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Some U.S. Senators Are Pretty Sketched Out By The PGA Tour's Decision To Take On Saudi Arabian Money

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The government was always going to weigh in on a story with such deep geopolitical implications. The PGA Tour's deal to take on cash from Saudi Arabia's Public Investment Fund is unprecedented in major American sports. This isn't a rich guy from a problematic country buying a team like Joe Tsai and the Brooklyn Nets. This is the sovereign fund of a foreign government getting a strong foothold into a major American sports league. 

Adding another layer of complexity is the fact that PGA Tour officials were in Washington D.C. not long ago lobbying lawmakers to aid their efforts against Saudi sportswashing. Chris Murphy, senator from Connecticut, reacted with a what the hell?! almost immediately after the news dropped. 

"So weird," he tweeted. "PGA officials were in my office just months ago talking about how the Saudis' human rights record should disqualify them from having a stake in a major American sport. I guess maybe their concerns weren't really about human rights?"

On Wednesday, he retweeted the following:

He went a step further on Wednesday, looking ahead to what ramifications such a precedent might set. 

“I think it's a really serious thing to have a foreign dictatorship in charge of a major US sports league," Murphy said, per CNN's Manu Raju. "They're buying the PGA because they want it erase their dizzying campaign of political oppression."

Murphy's not the only one concerned. 

"I'm certainly going to be digging into this," said senate finance chairman Ron Wyden. "This looks to me like a cash grab, plain and simple, and it raises very troubling questions, and we'll be digging into it."

Dick Blumenthal, also of Connecticut, referenced the Department of Justice's ongoing investigation into the PGA Tour over potential anti-competitive practices.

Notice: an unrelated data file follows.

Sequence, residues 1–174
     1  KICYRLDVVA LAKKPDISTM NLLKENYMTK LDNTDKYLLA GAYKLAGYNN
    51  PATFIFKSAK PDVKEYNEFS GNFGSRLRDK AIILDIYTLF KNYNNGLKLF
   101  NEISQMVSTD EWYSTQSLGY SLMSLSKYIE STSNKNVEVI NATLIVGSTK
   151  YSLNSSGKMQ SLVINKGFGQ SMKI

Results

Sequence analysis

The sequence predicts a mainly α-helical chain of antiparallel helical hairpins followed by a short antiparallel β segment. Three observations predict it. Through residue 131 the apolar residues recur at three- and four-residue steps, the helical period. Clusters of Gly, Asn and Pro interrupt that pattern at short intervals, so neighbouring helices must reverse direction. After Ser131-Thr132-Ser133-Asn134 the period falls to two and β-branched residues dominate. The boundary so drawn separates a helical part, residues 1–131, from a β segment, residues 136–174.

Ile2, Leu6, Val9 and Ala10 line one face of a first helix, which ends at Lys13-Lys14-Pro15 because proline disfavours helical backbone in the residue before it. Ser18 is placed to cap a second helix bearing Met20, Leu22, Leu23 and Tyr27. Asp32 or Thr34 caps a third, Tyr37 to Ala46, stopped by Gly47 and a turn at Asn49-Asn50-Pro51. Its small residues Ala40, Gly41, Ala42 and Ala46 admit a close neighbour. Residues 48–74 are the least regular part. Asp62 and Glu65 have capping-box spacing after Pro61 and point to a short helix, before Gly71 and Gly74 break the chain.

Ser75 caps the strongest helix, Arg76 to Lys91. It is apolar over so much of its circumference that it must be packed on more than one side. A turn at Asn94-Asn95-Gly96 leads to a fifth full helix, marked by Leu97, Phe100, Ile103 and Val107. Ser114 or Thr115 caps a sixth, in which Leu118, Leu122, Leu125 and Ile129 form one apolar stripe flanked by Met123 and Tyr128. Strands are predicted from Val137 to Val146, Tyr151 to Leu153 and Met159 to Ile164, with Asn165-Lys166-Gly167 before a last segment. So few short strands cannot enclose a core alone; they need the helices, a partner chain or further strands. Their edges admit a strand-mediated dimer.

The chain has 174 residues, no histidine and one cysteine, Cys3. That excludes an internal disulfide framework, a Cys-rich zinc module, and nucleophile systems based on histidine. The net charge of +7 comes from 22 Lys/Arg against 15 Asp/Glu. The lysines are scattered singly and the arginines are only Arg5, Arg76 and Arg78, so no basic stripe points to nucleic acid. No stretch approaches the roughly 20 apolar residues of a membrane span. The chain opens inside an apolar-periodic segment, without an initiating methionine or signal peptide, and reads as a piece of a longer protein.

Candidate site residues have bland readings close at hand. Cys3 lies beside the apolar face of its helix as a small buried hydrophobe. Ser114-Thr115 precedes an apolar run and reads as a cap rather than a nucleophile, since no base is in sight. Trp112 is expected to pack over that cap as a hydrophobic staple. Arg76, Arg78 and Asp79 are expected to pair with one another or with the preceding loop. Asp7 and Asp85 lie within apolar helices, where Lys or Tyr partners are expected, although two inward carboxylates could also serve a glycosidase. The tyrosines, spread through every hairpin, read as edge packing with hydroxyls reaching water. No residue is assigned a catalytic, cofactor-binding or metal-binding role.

“There's an ongoing Department of Justice  investigation, I would intensify it and focus not only on the anti-trust issues, but also on the potential foreign registration questions."

The two men who negotiated the deal on the PGA Tour side—Jimmy Dunne and Ed Herlihy—are the furthest thing from dumbies, and it's hard to imagine they'd make a deal like this without doing their due diligence on this very issue. Herlihy, chair of the PGA Tour policy board, is a partner at Wachtell, Lipton, Rose & Katz, the most profitable law firm on the planet. Surely he knew of these potential hurdles. 

It's also worth noting that Secretary of State Anthony Blinken is in Saudi Arabia at this very moment, meeting with crown prince Mohamed bin Salman. As has been pointed out by so many throughout this whole LIV process, the U.S. government has long considered Saudi Arabia an ally—we buy oil from them, they buy weapons from us. And again, I just have a very hard time believing the PGA Tour and its white-shoe lawyers struck this deal if it could all come crashing down after a few senators look into it. 

Still, it's another headache for the PGA Tour in what has been a truly transformative week in Ponte Vedra Beach.